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Despite its history of flower children and Haight-Ashbury, San Francisco has always had a rather vigorous and overly enthusiastic law enforcement system which perhaps didn't, um, work well with communities of color. Some unfun facts: In 2010-2011, Blacks made up six percent of the population of San Francisco; during that same time, they made up 50 percent of cannabis-related arrests. In October 2018, the ACLU filed a lawsuit against San Francisco when it was found that its police officers were exclusively targeting the Black population in undercover drug operations.

As reported by High Times, a part of Proposition 64, California's adult-use cannabis legalization ballot inititiave, requires cities to implement a "record change process" which “requires automation of this process across the state” for charge reductions or expungements. On Monday San Francisco became the state's first county to announce they had achieved that benchmark.

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San Francisco's District Attorney announced that through a partnership with a Silicon Valley non-profit, Code for America, which began in May of 2018, they have been able to identify and begin action to reduce or expunge cannabis charges for more than 9,300 individuals. That's just in San Francisco. In Los Angeles, it's estimated that since 1993, there are more than 40,000 felony convictions for cannabis that are now eligible for dismissal. Code for America has begun working with other cities and counties to find eligible cases.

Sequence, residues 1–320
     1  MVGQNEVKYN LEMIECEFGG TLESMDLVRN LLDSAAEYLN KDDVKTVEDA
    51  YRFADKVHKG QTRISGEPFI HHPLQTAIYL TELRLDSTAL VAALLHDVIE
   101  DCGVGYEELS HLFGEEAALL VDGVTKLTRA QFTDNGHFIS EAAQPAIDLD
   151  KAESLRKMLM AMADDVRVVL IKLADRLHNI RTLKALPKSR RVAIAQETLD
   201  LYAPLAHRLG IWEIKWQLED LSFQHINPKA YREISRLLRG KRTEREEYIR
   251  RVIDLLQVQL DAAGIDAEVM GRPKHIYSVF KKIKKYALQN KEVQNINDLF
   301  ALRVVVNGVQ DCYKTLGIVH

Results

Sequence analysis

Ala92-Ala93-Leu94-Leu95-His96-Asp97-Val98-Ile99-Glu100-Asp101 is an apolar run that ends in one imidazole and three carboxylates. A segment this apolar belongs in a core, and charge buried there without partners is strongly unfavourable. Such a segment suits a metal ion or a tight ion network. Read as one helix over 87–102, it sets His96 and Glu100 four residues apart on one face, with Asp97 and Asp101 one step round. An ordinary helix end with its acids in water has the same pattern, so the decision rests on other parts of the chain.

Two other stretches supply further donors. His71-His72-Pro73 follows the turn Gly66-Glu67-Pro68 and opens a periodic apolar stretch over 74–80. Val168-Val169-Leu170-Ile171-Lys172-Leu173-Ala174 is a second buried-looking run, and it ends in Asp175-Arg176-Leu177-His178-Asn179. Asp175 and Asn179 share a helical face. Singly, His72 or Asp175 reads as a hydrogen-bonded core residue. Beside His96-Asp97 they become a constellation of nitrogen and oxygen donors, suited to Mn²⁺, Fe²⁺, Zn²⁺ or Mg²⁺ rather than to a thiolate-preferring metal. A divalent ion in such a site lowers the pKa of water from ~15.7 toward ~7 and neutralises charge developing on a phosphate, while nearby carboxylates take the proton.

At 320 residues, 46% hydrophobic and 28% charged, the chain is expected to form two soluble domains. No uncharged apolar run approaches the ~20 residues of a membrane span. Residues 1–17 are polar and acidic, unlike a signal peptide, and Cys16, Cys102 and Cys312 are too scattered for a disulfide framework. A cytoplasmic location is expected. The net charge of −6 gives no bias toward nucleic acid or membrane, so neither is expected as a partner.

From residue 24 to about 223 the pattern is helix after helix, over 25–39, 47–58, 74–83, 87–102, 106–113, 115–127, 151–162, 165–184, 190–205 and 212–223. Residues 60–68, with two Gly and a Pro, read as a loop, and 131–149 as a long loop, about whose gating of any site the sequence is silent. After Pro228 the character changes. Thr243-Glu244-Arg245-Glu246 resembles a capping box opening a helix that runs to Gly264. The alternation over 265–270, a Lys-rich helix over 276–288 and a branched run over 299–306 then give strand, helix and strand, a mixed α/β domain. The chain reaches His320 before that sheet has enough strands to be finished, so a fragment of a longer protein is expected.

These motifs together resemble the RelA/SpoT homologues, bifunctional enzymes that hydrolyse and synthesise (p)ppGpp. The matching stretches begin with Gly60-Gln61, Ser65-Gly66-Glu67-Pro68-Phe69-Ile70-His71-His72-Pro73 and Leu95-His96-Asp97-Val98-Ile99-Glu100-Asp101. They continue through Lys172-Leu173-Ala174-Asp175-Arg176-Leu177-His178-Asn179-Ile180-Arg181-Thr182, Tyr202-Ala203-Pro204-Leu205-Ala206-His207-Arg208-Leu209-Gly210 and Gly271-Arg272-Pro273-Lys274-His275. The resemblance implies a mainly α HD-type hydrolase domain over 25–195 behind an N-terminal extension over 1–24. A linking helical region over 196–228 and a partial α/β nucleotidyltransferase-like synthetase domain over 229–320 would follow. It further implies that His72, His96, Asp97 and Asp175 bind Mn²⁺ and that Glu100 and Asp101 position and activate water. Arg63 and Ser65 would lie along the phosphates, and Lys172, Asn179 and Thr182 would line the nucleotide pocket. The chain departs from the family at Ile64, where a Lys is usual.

Individual undertakings to address arrests are both expensive and time consuming, leaving many to forgo the efforts. In the three years since Prop 64 and the automation requirement passed, only 23 individuals had successfully addressed their cannabis cases through the court system. It's easily conceivable that more than 100,000 eligible felony convictions for cannabis could be overturned by the time all of the state is automated.

A felony conviction can severely impact or eliminate options for education, housing, and employment. The drawbacks that legalization programs have created are tempered by the overdue benefit of unburdening those who were unfairly targeted and prosecuted for their involvement with a plant.